A football coach and devoted dad had his life saved by his colleagues after he suffered a cardiac arrest on the pitch.

Simon Brown, a coach for North Shields Juniors Under 18s, was playing football alongside young players and two other coaches at John Spence Community High School when he suddenly collapsed onto the field.

His 18-year-old son Ethan, who was also playing, saw him fall and went over to him. He turned his dad around and realised something was wrong before calling over coaches Paul Geddes and Stuart Procter.

Paul and Stuart immediately began CPR, while the youngsters on the field were taken into the changing rooms.

The two coaches carried on resuscitation until an ambulance arrived.

Paramedics Kevin Cook and Jack Beattie then took over and continued with the CPR before Simon was taken to the Northumbria Specialist Emergency Care Hospital in Cramlington . He was looked after in A&E and later ward 10, before being transferred to the Freeman Hospital in Newcastle.

Simon spent a total of 10 days in hospital and was released after a defibrillator was fitted in his chest.

Now the 53-year-old, of North Shields, has got the chance to thank everyone who helped to save him.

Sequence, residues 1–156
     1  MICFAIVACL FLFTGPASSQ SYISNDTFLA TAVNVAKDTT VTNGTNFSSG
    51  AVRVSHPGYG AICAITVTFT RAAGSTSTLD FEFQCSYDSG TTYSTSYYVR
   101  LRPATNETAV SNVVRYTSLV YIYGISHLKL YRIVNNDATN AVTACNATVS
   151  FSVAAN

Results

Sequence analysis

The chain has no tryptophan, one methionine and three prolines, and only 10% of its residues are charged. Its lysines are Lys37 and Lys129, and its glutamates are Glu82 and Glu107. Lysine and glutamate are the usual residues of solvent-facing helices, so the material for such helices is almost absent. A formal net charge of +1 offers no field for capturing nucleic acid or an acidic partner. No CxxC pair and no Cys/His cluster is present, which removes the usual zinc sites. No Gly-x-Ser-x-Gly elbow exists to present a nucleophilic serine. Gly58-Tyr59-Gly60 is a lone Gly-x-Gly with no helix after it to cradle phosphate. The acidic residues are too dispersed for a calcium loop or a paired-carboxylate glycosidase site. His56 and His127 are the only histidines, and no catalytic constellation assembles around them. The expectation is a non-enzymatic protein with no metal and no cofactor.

"We were just having a friendly game between the Under 17s and Under 18s. Me, Stuart and Paul also joined in.

I started getting out of breath, got a bit light headed and collapsed.  I only came round in the ambulance.

But what everyone else did for me that day was amazing. They are all heroes and I can’t thank them enough.”


Paramedics say Paul and Stuart’s actions helped to save Simon’s life.

Stuart, 43, the Under 17s coach, of Wallsend, said:

"We saw Simon on the floor and his son was shouting. We sprinted across.

We have first-aid training so we started giving CPR straight away and we just kept going.

We thought we had lost Simon - he was all blue and wasn’t breathing. But then his arm moved and he started breathing again, although it was laboured.

We just knew we had to keep going. I don’t know where that extra energy came from.”


Paul, 43, who coaches the Under 18s team, said:

"When Simon was taken to hospital and we were told he would be all right, we just felt so relieved.

We are so glad he is ok now.”


Mr Cook, from the North East Ambulance Service (NEAS), said the men’s actions on December 14 show how important CPR is.

He added:

"When we arrived on the pitch, Paul and Stuart were taking turns giving CPR.

We then took over. Simon was breathing but he did not have a pulse. He was in cardiac arrest and we carried on with CPR before taking him to hospital.

Those first few minutes after he collapsed were vital and that’s when Paul and Stuart did a great job. They 100% saved his life.”